small capsUse real small caps; avoid fakes

Small caps are short cap­i­tal let­ters de­signed to blend with low­er­case text. They’re usu­ally slightly taller than low­er­case let­ters. (Small caps are used in this book to de­note cross-ref­er­ences.)

I’m a big fan of small caps. They look great and they’re very use­ful as an al­ter­na­tive to bold or italic or all caps.

But most peo­ple have never seen real small caps. They’ve only seen the er­satz small caps that word proces­sors and web browsers gen­er­ate when small-cap for­mat­ting is used.

Witness Protectionfake
Witness Protectionreal
Trixie Argon, Ways to Be Wicked, in
Conjuring for Beginners, at 137–39
(London, Quid Pro Books, 2004).
Trixie Argon, Ways to Be Wicked, in
Conjuring for Beginners, at 137–39
(London, Quid Pro Books, 2004).

Small-cap for­mat­ting works by scal­ing down reg­u­lar caps. But com­pared to the other char­ac­ters in the font, the fake small caps that re­sult are too tall, and their ver­ti­cal strokes are too light. The color and height of real small caps have been cal­i­brated to blend well with the nor­mal up­per­case and low­er­case letters.

There­fore, two rules for small caps:

  1. Don’t click on the small-cap for­mat­ting box in your word proces­sor. Ever. This op­tion does not pro­duce small caps. It pro­duces in­fe­rior coun­ter­feits. (Even when you’re us­ing a font with real small caps.)

  2. The rules for all caps also ap­ply to small caps: use small caps spar­ingly, add let­terspac­ing, and turn on kern­ing.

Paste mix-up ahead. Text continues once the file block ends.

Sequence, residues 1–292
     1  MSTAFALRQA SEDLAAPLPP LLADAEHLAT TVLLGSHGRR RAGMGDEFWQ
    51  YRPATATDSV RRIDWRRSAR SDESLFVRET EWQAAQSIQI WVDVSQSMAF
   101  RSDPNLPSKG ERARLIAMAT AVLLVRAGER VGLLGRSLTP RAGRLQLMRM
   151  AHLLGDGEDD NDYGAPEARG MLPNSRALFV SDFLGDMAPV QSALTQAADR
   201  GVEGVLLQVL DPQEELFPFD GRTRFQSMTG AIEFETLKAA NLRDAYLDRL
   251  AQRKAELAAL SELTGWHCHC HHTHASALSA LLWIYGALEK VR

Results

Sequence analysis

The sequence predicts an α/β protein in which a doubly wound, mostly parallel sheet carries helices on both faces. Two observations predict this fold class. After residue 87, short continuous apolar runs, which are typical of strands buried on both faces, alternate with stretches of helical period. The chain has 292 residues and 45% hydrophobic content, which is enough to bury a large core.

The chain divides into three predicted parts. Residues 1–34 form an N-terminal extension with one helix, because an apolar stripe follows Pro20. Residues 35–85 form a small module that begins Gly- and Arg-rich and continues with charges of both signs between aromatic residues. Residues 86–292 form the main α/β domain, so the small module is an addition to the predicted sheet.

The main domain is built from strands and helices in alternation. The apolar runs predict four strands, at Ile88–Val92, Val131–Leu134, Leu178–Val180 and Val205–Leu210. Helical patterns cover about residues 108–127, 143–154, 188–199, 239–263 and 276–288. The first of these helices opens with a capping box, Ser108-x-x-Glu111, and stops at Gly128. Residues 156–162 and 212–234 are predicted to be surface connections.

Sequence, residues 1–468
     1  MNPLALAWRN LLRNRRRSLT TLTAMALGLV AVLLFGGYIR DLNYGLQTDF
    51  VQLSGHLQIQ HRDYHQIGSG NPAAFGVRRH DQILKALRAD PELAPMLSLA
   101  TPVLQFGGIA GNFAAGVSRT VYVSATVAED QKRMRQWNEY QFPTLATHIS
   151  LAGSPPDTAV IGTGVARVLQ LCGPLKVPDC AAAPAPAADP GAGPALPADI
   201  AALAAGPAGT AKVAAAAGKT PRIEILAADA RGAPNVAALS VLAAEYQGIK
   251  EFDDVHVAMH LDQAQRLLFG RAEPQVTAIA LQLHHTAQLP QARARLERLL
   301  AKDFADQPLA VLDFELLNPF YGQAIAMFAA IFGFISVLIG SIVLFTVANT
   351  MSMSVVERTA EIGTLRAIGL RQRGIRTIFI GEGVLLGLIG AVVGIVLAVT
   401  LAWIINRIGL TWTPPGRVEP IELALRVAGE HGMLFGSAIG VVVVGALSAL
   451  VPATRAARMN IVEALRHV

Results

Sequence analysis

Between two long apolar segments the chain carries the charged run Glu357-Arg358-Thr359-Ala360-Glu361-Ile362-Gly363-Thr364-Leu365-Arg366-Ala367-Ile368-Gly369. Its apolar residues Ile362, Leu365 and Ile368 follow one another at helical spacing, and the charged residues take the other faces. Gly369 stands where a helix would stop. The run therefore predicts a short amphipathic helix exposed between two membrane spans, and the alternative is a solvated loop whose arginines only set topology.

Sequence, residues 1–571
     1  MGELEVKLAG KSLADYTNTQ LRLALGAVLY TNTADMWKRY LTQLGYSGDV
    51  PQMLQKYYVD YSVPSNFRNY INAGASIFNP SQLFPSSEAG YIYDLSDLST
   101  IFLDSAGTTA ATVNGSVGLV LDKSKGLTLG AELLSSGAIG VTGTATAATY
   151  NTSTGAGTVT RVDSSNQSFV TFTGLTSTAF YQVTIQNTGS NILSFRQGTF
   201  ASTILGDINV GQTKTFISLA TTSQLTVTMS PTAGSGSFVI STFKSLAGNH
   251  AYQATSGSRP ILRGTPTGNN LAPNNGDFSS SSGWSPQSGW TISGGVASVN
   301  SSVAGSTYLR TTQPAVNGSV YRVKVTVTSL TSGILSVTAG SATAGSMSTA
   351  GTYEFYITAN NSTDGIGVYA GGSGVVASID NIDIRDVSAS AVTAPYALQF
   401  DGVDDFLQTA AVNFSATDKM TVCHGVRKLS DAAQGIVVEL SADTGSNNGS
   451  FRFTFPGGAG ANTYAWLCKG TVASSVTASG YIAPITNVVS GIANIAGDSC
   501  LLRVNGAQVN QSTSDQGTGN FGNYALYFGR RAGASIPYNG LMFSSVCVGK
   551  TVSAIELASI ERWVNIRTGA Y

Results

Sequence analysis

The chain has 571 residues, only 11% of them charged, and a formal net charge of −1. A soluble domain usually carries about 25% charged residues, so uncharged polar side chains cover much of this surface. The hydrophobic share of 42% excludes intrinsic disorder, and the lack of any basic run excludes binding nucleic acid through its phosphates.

Now for the bad news. If you want real small caps, you’ll have to buy them—they’re not in­cluded with Times New Ro­man or any other sys­tem font.

Usu­ally, small caps come in their own font file that shows up sep­a­rately in the font menu. When you want small caps, you for­mat the text with the small-cap font. You can also use para­graph and char­ac­ter styles to ap­ply small caps and elim­i­nate most of the te­dium of us­ing a sep­a­rate font.

by the way
  • With small caps, it’s up to you whether to use reg­u­lar cap­i­tal let­ters at the be­gin­ning of cap­i­tal­ized words. For in­stance, a footer could read First Amended Com­plaint or first amended com­plaint. I pre­fer the latter.

  • Even if you get a small-cap font, the small-cap for­mat­ting box will still give you fake small caps. To avoid con­fu­sion, just for­get the for­mat­ting box exists.

  • Many new fonts are sold in the Open­Type for­mat in­stead of the older True­Type for­mat. Font de­sign­ers pre­fer Open­Type be­cause it al­lows small caps to be built into the main font as an open­type fea­ture. Un­for­tu­nately, nei­ther Word nor Word­Per­fect sup­ports small caps de­liv­ered this way. So most law­yers will be stuck with the tra­di­tional tech­nique of us­ing a sep­a­rate small-cap font. If you buy a pro­fes­sional font fam­ily (like the ones shown in font rec­om­men­da­tions), be sure to find out if you can get the small caps in a sep­a­rate font file.

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